It could not be a more auspicious time to hold a conference on Internal Displacement and Ethnic Cleansing in Iraq. It is incumbent upon all of us to be intensely and constructively thinking about how to promote humanitarian and human rights protection in that country. I therefore want to commend the Washington Kurdish Institute, in particular Dr. Najmaldin Karim and Mike Amitay, and the SAIS Refugee Policy Forum, in particular Melissa Pitotti and Gimena Sanchez, for organizing this important meeting. I am also grateful for the dissemination of the report, The Internally Displaced People of Iraq, published by the Brookings-SAIS Project and co-authored by John Fawcett and Victor Tanner. The report, which will be introduced later, should help focus our discussion of what to do about internal displacement in that troubled country.
I have been asked to comment on international protections for IDPs and refugees, and I would like to say at the outset that we would do well to think of both IDPs and refugees in a comprehensive and complementary way. The Iraq situation, like most other humanitarian emergencies, has produced, and continues to produce, both internally displaced persons and refugees. Today there are more than one million internally displaced persons in Iraq. And according to the US Committee for Refugees, there are 1.5 million Iraqis who have sought asylum outside Iraq over the past decade. Both groups, whether refugees or IDPs, need and will continue to need protection until there is a resolution of their plight.
In the case of refugees, there is, of course, an international protection regime. Since the end of the Second World War we have had a Refugee Convention and a special UN agency, the United Nations High Commissioner for Refugees to cater to the needs of people unable to return to their countries because of persecution. Refugees are supposed to rely on the substitute protection provided by foreign governments.
But international refugee protection does not always work. Just recall that in 1991, Turkey refused to give substitute international protection to the hundreds of thousands of displaced Kurds fleeing from Saddam Hussein’s military forces. Turkey closed its borders. And last year, Pakistan and Iran closed their borders to fleeing Afghans. Both examples are but a part of growing worldwide inhospitality to refugees. Another example is the current financial crisis UNHCR is facing One of the consequences of this development is that the number of internally displaced persons has risen throughout the world. When IDPs were first counted in 1982, there were 1.2 million in 11 countries. By 1997, 20 to 25 million could be found in more than 40 countries. Today, IDPs often outnumber refugees two to one in many humanitarian emergencies. The attacks on refugee protection has contributed to this phenomenon.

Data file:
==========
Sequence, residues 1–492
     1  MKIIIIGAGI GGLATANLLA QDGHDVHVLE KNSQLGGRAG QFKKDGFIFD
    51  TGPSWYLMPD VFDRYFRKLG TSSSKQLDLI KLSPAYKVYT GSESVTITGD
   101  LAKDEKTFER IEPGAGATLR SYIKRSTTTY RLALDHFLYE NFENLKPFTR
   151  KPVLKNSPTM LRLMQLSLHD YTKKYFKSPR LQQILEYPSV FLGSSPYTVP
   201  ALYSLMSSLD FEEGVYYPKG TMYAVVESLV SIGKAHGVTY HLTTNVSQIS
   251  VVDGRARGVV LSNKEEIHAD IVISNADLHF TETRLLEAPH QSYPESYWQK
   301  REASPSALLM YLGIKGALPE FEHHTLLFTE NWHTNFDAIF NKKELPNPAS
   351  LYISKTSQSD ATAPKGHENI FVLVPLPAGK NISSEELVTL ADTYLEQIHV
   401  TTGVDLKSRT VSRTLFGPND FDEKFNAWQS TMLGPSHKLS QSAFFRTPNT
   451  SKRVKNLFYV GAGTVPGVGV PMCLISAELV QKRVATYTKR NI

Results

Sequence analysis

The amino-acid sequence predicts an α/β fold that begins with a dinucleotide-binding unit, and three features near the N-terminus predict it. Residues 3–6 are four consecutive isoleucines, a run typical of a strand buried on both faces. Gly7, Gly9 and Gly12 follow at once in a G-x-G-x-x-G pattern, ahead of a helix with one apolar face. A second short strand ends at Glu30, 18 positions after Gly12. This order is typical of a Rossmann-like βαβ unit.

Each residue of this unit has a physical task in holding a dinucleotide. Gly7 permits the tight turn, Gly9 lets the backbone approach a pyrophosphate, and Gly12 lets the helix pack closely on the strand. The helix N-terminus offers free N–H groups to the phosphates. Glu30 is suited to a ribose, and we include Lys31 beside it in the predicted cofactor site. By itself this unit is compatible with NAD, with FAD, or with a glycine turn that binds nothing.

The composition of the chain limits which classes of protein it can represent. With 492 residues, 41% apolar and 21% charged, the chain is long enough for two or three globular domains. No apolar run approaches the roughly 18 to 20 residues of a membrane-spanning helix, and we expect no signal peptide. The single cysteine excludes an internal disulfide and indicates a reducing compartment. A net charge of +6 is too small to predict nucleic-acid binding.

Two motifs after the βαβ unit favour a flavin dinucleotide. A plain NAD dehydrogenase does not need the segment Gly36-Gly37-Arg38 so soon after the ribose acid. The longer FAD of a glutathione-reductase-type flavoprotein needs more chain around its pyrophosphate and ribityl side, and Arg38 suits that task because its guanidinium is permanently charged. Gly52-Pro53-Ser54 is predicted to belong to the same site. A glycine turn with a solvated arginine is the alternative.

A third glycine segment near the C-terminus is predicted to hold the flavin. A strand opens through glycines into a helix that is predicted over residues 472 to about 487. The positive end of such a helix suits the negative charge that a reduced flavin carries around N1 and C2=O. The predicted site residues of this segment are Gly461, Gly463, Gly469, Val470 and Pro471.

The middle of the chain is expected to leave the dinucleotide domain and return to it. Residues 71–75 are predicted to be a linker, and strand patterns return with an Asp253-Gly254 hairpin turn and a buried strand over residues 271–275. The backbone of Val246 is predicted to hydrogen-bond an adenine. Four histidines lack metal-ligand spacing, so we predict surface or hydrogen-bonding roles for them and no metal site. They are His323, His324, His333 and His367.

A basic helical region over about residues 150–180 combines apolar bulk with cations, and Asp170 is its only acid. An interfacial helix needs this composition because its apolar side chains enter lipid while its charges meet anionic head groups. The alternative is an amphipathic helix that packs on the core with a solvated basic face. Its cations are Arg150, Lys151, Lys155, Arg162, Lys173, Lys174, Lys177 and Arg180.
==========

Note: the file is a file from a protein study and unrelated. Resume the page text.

While refugee protection can be tenuous, IDP protection is far more tenuous. Unlike refugees, IDPs are usually trapped in a hostile domestic environment in their own country. Access to them is often problematic, there is no international legal convention applicable to them; nor is there is a single organization like UNHCR with an exclusive mandate to protect IDPs. Until the last ten years of the 20th century, only limited effort and at times no effort was made to reach people uprooted or at risk in their own countries.
Yet since that time, some progress has been made. The first notable instance of a new approach was the case of Iraq. In the aftermath of the 1991 Gulf War, the UN Security Council demanded that Iraq give humanitarian organizations immediate access to people inside the country. And a US led coalition carved out a security zone in the north for hundreds of thousands of internally displaced Kurds. In other countries as well, the UN began to undertake hard diplomatic bargaining to bring in food and supplies, and UN resolutions began to insist more and more on unimpeded access to persons displaced and at risk within their own countries. To be sure the political will was not always there and the UN was not always successful, but there was a definite change in outlook about situations of internal displacement and attention did begin to be paid to developing an international IDP regime.
In 1992, the UN Secretary-General appointed a Representative on Internally Displaced Persons, Dr. Francis Deng. He was requested to dialogue with governments, create a legal framework for IDPs, work with international and regional organizations and NGOs, and identify ways and means to provide greater protection for IDPs. However, the position was a voluntary one with no staff or support, but it reflected the view that persons uprooted and at risk in their own countries cannot simply be left to the whim of their governments. The international community had a right and even a responsibility toward persons who were internally displaced and in need of international protection.
In furtherance of this, a myriad of international organizations and NGOs began to come forward worldwide to provide assistance, protection and reintegration and development support to internally displaced persons—UNHCR, UNICEF, the World Food Programme, the International Committee of the Red Cross, UNDP, the International Organization for Migration and many NGOs. Although the system is largely ad hoc, with organizations picking and choosing the situations in which they will become involved, in 2001 the Secretary-General approved the creation of a special IDP Unit in the Office of the Coordination for Humanitarian Affairs to try to improve the international response on the ground. Composed of about 10 professionals seconded from different international agencies, Unit staff have been traveling to different countries, trying to ensure that UN agencies on the ground collaborate more closely to the benefit of internally displaced people.
Of course, one small non-operational unit can hardly be expected to make a substantial difference, but it is the only unit we have and it is important to give encouragement and support to it. My own project at Brookings is currently working with the Unit in examining the protection of displaced persons in different countries with a view to seeing how to increase their physical security.